SAN FRANCISCO, Calif. As the market for cellphones approaches saturation in North America, carriers are hungry for new kinds of gadgets to link to their networks. But some systems and software designers are not eager to take on the broadening design challenges.
In separate keynotes at the Go Mobile conference here, executives from AT&T and Verizon said nearly 90 percent of the potential cellphone subscribers in the U.S. now have handsets. That frightening fact is propelling them to embrace the long standing vision of ubiquitous computing in their quest for growth.
"If I do my job well you will have a SIM [subscriber identity module] card in your camera, your smart phone and your dog collar. This is the next big thing," said Glenn Lurie, president of emerging devices at AT&T in a keynote.
Lurie called for a future where users have cellular links on their eBooks, digital picture frames and more and carriers measure their success on the number of connections per person or household.
"We are looking to get to 400 or 500 percent penetration, and the only way to do that is to look outside traditional wireless services today," said Maurice Thompson, director of open development at Verizon Wireless in a separate keynote.
To jumpstart the trend, Verizon has published on its Web site documents needed to get devices approved for use on its network, streamlining the process to less than four weeks in some cases, Thompson said. The program only examines the device's network interface, and does not require any review of its applications.
So far 42 devices including nine smart electric meters, several vertical market computers and terminals and a handful of portable Wi-Fi base stations have been approved using the new process, he said. The list of areas Verizon wants to explore includes home security and health care devices, media players, fleet monitoring systems and machine-to-machine links.
Carriers are ready to deal. "We've got to change the way we think about wireless," said Thompson.
"We need to throw out the rules," said Lurie. "I can't walk into Samsung and dictate how you do something like a wireless dog collar, so it's important we look at different business models," he added.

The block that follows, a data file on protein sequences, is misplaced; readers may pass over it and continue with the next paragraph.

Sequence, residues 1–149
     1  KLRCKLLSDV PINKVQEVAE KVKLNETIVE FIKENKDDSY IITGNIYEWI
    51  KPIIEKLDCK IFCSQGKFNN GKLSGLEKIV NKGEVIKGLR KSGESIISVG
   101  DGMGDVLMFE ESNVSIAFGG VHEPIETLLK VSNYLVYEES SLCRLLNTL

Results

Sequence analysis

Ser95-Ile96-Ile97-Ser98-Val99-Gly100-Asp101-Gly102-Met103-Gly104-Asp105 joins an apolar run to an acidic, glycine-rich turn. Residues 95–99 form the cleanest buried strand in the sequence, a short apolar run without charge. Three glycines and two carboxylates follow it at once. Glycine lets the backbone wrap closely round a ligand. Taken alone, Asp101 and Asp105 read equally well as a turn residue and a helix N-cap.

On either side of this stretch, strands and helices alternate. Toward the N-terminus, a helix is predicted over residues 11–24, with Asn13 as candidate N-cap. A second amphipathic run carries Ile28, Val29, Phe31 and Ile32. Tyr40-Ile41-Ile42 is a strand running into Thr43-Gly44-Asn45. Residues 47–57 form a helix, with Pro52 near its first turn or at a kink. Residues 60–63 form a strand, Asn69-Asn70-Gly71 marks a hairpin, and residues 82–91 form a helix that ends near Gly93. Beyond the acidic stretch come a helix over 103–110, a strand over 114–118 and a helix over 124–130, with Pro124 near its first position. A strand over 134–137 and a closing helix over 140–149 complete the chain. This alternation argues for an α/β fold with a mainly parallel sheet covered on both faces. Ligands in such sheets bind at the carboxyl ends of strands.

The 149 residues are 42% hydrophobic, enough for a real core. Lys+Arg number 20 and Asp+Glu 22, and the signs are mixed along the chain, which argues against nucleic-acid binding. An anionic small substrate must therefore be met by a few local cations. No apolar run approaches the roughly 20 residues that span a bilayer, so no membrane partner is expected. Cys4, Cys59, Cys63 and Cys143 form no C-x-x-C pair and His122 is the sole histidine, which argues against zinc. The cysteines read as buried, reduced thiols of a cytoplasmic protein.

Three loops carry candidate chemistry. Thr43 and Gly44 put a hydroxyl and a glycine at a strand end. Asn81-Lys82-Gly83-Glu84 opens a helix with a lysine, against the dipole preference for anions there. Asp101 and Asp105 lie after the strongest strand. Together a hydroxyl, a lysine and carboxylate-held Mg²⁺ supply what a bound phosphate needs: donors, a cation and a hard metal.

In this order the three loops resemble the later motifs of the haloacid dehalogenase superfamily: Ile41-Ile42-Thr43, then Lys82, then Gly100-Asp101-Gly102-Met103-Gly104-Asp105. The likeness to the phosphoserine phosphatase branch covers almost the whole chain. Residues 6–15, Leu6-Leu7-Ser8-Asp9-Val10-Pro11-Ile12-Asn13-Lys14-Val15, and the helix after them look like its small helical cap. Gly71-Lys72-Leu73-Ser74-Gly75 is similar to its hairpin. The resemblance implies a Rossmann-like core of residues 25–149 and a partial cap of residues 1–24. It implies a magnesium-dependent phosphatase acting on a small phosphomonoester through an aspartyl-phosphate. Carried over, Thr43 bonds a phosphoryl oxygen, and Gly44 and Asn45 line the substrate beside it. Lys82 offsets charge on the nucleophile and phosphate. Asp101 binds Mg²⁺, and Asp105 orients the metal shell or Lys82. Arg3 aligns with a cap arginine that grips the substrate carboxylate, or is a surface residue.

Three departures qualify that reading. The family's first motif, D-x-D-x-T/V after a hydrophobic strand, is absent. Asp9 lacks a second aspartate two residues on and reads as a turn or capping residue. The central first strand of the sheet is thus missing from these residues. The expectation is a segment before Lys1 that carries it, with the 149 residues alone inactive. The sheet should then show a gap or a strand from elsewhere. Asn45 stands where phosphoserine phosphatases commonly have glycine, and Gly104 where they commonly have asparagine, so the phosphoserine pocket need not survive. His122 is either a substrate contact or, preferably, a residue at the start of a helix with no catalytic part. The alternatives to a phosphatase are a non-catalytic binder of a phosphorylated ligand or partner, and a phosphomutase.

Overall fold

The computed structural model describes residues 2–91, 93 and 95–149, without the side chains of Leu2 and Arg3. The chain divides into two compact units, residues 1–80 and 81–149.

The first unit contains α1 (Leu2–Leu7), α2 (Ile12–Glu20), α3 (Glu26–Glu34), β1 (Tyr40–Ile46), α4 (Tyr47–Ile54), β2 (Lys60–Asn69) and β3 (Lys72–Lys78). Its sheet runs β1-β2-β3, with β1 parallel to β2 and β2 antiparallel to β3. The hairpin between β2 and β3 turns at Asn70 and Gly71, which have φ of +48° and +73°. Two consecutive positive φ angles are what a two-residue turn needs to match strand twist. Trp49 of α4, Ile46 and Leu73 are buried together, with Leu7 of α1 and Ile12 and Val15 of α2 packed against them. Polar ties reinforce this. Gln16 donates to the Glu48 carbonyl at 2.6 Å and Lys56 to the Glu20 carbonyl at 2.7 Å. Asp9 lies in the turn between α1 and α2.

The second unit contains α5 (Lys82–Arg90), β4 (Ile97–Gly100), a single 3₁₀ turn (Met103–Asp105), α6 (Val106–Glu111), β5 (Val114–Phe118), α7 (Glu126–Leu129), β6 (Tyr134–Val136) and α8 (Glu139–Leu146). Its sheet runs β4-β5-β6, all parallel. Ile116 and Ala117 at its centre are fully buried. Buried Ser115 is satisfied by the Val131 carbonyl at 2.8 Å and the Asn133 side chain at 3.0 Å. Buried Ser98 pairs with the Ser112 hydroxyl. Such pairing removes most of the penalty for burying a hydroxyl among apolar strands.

Lurie gave a similar talk (video below) on June 2, 2009 at the Connections conference in Santa Clara, Calif.
"You are seeing different attitudes from carriers who want to own more of the revenues," said Mohammad Shakouri vice president of marketing for the WiMax Forum. "Carriers lost the broadband battle and someone else makes the money on their nets," he added.
Indeed data traffic is rising faster than revenue, forcing network build outs at lower profit levels. For example, the number of text messages send over AT&T's network has risen well more than 100 percent a year for the last three years, but AT&T's data revenues have only gone up about 65 percent.
That trend may only continue. "In two years we predict half of our traffic will come from mobile devices," said John Faith, general manager of MySpace Mobile in an on-stage interview at the conference.
With the rise of both mobile email and texting, the dominant handsets have shifted from flip phones to qwerty handsets in a year. "This is how the next gen will communicate," Lurie said.
In their search for growth, the service providers are essentially co-opting the ubiquitous computing vision promoted in the late 1980's by Mark Weiser of Xerox PARC, said Azita Arvani, president of Arvani Group, a wireless consulting firm and a former Xerox employee. But there are limits to the new openness.
For example, only one cellphone is among the group of systems going through the new Verizon process, according Arvani. "They are looking for things that are not directly competitive for them," she said.
One Motorola executive privately complained a unique handset the company designed and produced in small quantities for Verizon was rejected "because we have too many SKUs," he said.